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review 2017-10-30 01:11
The Bishop's Pawn by Don Gutteridge
The Bishop's Pawn (A Marc Edwards Mystery Book 7) - Don Gutteridge

This is set primarily in Toronto in 1839, although some of the characters take a brief trip to New York City later on. At the start of the book we meet Dick Dougherty, a massively overweight man who was once a lawyer in New York City but who, after some vague and mysterious trouble, was able to relocate to Toronto. Since then, he’s been taking care of his two wards, Brodie and Celia, and slowly taking control of his life again. A recent courtroom success has inspired him to apply for admission to the Bar (he wasn’t disbarred back in New York), and with Brodie and Celia’s help and encouragement he’s slowly regaining his mobility. He now takes daily walks that are so regular and predictable people can practically set their watches by him.

Unfortunately, although the common folk of Toronto love Dougherty, the same can’t be said for some of the area’s political leaders. There are rumors that Dougherty’s relationship with Celia isn’t entirely proper, and Dougherty’s refusal to give any details on the events that got him run out of New York City inspires even more whispers. Things come to a head when Archdeacon John Strachan delivers a fiery sermon that accuses Dougherty of “vile and abominable” behavior. Not long after the sermon, Dougherty is discovered dead, with one of his eyes removed and a note with “Sodomite” written on it pinned to his chest.

Marc Edwards and others suspect that one of Strachan’s parishioners was influenced by his sermon and killed the man. They even find a likely suspect, drunk and covered in blood. However, some of the details don’t add up. Marc suspects there’s something else going on, but the tense political situation makes it difficult to discover the truth.

I’ll start off by saying that this is book 7 in Gutteridge’s Marc Edwards series, and I haven’t read the previous six. The only reason I had this one, and five other ones after it, is because they were all free during some past Smashwords sale and their descriptions made me think of the Murdoch Mysteries TV series. I had noticed the series numbering but thought it might be a mistake, because no books with earlier series numbering were even listed. The earlier books appear to have been put out by a different publisher, one that doesn't sell through Smashwords (not a deal breaker for me, as long as it's available through Kobo) and that has chosen to add DRM to all their e-books (still one of my deal breakers when it comes to e-book purchasing).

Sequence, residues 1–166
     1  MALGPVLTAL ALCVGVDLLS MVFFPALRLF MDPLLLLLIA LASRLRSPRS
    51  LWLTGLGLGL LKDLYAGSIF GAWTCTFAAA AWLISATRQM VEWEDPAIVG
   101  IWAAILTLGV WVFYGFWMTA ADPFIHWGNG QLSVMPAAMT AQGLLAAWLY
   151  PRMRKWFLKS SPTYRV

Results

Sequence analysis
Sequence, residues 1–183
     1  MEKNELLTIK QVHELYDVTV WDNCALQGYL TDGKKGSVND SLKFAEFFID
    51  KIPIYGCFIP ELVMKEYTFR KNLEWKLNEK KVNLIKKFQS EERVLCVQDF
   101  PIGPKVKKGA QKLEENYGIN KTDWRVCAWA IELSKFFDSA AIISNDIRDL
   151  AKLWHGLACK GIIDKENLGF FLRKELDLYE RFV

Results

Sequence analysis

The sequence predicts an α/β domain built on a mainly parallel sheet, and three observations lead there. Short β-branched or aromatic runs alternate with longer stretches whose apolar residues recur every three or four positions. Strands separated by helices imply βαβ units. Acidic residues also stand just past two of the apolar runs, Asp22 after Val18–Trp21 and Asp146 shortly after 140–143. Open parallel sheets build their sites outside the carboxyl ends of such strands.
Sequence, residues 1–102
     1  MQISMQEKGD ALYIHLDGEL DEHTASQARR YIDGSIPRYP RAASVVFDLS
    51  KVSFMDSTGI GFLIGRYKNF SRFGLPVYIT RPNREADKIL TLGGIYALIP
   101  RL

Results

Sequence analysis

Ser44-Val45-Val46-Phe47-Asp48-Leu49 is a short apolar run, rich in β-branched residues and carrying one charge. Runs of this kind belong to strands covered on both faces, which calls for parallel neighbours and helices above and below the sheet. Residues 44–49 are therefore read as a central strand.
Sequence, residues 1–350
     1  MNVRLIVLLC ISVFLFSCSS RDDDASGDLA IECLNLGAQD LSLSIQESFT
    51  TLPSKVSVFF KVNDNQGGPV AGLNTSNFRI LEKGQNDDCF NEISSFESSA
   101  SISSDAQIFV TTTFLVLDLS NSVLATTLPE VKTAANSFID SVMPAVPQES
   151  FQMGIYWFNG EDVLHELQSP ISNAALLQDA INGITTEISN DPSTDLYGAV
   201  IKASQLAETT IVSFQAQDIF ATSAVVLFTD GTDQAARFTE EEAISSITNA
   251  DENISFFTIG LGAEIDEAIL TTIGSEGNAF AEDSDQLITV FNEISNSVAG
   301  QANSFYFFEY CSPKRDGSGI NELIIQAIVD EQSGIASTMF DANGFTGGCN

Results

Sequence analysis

I had hoped that jumping into the series at such a late point wouldn’t be too difficult. The story itself was fairly self-contained. Unfortunately, character relationships weren’t, and I could tell there were references to at least three previous books: one in which I’m guessing Dougherty was first introduced, one in which Marc’s wife’s first husband was killed, and one in which Marc was reunited with his mother. I had difficulty connecting to and caring about most of the characters, and I wasn’t sure whether that was due to the writing or my own lack of familiarity with them.

My other hurdle was my lack of familiarity with Canadian history. I basically know nothing. I probably should have sat down and read a few Wikipedia pages on historical figures and events mentioned in the book’s first 50 or so pages, but instead I powered through my confusion. Thankfully, the situation became a lot easier for me to follow once Dougherty was murdered. The basics: politicians afraid of a scandal, and a power struggle brewing over the position Strachan would vacate once he was elevated to bishop as everyone expected he would be.

Marc was given a pretty tight deadline, and I wasn’t sure I could buy the extension he was given in order to go to New York City and ask a few more questions. Still, the results of his investigation were interesting and more shocking and horrible than I expected. I was glad that Marc

didn’t see pedophilia and homosexuality as being essentially the same thing, even though other characters seemed to.

(spoiler show)


This was a decent book, but it didn’t work nearly as well for me as I had hoped it would. Marc and his wife both seemed like okay characters but didn’t really grab me, whereas Cobb and his habit of mispronouncing words actively annoyed me. I’m still debating what I’m going to do with my freebie books 8 through 12. Eh, they’re free and not taking up any physical space, so I’ll probably keep them around for now. I just checked, and it looks like I should be able to read at least a few of the previous books via interlibrary loan, if I wanted to give one of the earlier books a shot before moving on to book 8.

 

(Original review posted on A Library Girl's Familiar Diversions.)

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review 2017-10-24 16:39
Late Bite / John Matsui
Late Bite (Toronto Chronicles, #1) - John Matsui